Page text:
Sequencing 16S ribosomal RNA variable regions to study bacterial diversity

16S ribosomal RNA (or 16S rRNA) is a component of the 30S small subunit of prokaryotic ribosomes. The genes coding for it are referred to as 16S rRNA and are used in reconstructing phylogenies.

NGS-based 16S rRNA sequencing is a culture-free technique to infer the entire microbial community within a sample. It is based on:

  • The presence of 16S gene in all bacteria and the universal conservation of some regions. It allows the design of primer pairs able to amplify specific regions from practically all 16S bacterial genes
  • The specificity of some 16S gene variable regions that makes possible the bacteria identification at sufficiently informative taxonomic rank

The usefulness and applicability of 16S studies are impressive but the experimental assay and the bioinformatics analysis are complex and it is important to consider all the aspects to do the integral design of the project to get better results. 

These points are crucial to getting a sufficiently specific identification of bacteria using a 16S sequencing approach:

  • The sequencing coverage. To detect even minority-bacteria is needed to reach a sufficient sequencing resolution or coverage. NGS technologies make this kind of analysis possible as they provide higher throughput at lower cost.
  • The read lengthThe higher the length, the more precise the taxonomic assignment is. If we want to have a taxonomical assignment at the species level we need to find unique species-specific sequences able to unequivocally identify the presence of each species. Larger sequences allow the taxonomic assignment to more specific taxonomical ranks.
  • The error rate of the sequences. The sequence variations in the 16S variable regions are subtle and sequence errors can cause miss-assignments (if expected error probability is not sufficiently considered) or unspecific assignments if the possible errors are correctly taking into account.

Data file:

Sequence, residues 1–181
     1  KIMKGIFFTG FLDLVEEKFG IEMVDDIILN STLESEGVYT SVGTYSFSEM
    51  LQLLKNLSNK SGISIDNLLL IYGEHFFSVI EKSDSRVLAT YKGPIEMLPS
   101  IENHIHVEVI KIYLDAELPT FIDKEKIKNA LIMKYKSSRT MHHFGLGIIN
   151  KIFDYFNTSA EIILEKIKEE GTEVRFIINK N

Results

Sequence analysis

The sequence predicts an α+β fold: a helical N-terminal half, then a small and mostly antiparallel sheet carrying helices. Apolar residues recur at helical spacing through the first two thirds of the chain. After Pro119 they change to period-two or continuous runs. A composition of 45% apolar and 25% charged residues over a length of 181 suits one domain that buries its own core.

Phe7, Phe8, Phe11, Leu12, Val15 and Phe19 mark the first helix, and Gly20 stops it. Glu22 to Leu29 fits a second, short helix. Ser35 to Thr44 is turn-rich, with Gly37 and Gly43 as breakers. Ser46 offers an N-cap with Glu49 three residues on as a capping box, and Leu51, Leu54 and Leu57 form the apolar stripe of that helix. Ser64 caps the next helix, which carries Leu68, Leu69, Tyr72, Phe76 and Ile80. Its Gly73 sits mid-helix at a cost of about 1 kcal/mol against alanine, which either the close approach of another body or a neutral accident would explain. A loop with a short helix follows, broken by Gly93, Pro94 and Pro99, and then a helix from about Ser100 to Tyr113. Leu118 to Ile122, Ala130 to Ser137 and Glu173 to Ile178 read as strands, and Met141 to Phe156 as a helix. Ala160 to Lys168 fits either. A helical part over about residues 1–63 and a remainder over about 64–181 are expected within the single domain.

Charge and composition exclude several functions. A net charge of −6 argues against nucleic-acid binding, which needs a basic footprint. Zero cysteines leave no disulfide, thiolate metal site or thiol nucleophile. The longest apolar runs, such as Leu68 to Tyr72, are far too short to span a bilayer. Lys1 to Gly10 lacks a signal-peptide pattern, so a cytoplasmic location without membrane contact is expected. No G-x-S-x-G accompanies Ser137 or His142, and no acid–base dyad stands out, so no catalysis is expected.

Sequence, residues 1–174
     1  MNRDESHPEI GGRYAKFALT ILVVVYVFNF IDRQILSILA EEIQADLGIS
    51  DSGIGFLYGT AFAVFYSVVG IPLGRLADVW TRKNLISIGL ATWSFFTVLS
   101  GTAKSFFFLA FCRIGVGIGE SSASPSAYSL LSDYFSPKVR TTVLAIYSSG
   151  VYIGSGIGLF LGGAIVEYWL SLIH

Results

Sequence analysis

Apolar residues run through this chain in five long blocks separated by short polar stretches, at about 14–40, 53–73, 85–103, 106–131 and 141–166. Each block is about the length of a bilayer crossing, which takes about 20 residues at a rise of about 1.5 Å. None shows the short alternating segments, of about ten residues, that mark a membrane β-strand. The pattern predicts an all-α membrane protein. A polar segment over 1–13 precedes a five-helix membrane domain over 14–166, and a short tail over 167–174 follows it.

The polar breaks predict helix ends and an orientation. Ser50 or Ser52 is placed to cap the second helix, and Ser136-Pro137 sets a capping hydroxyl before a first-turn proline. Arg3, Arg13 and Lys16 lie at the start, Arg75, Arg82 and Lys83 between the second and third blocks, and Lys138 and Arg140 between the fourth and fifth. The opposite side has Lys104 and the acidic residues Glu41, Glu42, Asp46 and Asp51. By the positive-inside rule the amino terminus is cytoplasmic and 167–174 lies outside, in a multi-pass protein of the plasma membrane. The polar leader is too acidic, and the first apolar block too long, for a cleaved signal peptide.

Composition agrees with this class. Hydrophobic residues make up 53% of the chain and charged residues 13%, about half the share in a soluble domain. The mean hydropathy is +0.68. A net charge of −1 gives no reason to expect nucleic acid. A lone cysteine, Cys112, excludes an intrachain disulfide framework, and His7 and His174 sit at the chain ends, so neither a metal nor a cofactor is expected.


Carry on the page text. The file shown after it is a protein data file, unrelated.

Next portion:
Multiplexing the assay

Using the new barcoding methods many samples can be sequenced in the same sequencing run improving the cost-effectiveness and the time to results of 16S sequencing. Multiplexing enables new possibilities of application for studying many different types of samples with also diverse objectives that could not be faced with traditional methods.

STEPS of a 16S metagenomics project

STEPS of a 16S metagenomics project


These are the main steps in a 16S sequencing project for metagenomics samples.

  1. Sampling and DNA Extraction
  2. 16S library preparation:
  • PCR amplification of the 16S rRNA region to be analyzed
  • DNA Barcoding to multiplex the sequencing assay
  1. Sequencing
  2. Bioinformatics analysis
  3. Interpretation of the results

We work to get good results in all these steps of the project. We can help you to do the experimental design of your project or follow the specific previously defined design that you want to do.

We will offer the best options of sequencing considering the goals of your project, the number of samples and your requirements about sequencing coverage, turnaround times and cost.​


Our analysis is exhaustive and read-specific because we do the taxonomic assignment for each sequenced read. We do the assignment based on the similarity with reference 16S sequences. The precision of the assignment depends on: